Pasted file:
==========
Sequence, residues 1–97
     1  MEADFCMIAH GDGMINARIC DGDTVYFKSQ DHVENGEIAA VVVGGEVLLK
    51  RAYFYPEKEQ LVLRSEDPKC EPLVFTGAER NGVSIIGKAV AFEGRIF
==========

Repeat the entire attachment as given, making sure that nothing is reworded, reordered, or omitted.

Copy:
Sequence, residues 1–97
     1  MEADFCMIAH GDGMINARIC DGDTVYFKSQ DHVENGEIAA VVVGGEVLLK
    51  RAYFYPEKEQ LVLRSEDPKC EPLVFTGAER NGVSIIGKAV AFEGRIF